From the evidence, the court makes the following findings of fact and conclusions of law:

1. The court is not satisfied plaintiff has availed itself of the instrumentalities and legal remedies available to it to put an end to the objectionable sale practices by its non-contract retail customers and therefore is not here properly before the court. The conclusion is if plaintiff suffers irreparable injury, it is of its own making and is in no position to here seek injunctive relief under the complaint.

2. That non-contract retail customers of plaintiff refuse to execute its fair trade contract constitutes present and adequate notice they do not intend to maintain plaintiff's policies. In such case, the alleged injury and resulting damage is occasioned by plaintiff's willful course of conduct as much as defendants', and alleged damage arising therefrom is a matter of law. The court concludes, upon the balancing of the burdens and equities, the injunctive process of this court may not be afforded plaintiff in aid of policing its non-contract retail customers, to whom plaintiff has in the past and in the future intends to continue to sell its products with little hope, based on past experience, its established prices will be maintained.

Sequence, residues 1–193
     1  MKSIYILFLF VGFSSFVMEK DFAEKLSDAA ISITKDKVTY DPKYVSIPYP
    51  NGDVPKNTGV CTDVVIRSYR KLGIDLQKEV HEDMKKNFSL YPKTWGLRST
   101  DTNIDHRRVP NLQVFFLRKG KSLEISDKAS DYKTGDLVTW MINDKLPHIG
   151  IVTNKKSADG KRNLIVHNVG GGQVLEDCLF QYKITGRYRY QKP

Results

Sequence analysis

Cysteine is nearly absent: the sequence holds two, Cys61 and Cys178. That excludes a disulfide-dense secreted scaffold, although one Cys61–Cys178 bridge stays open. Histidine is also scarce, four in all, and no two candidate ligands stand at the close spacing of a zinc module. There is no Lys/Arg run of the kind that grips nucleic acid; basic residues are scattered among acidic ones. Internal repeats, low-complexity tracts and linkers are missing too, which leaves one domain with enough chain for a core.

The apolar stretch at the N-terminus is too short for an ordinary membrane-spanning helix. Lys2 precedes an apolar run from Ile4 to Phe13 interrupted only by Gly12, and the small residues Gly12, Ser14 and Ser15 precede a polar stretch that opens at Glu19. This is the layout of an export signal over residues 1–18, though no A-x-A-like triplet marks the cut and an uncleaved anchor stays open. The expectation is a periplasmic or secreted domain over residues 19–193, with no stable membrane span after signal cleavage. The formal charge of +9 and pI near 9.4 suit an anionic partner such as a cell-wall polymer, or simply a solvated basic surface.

3. By reason of the foregoing, no grounds for equitable relief is present and the court lacks the requisite jurisdiction and authority to issue either a temporary or permanent injunction.

The complaint herein is dismissed for want of proper showing of relief at plaintiff's cost.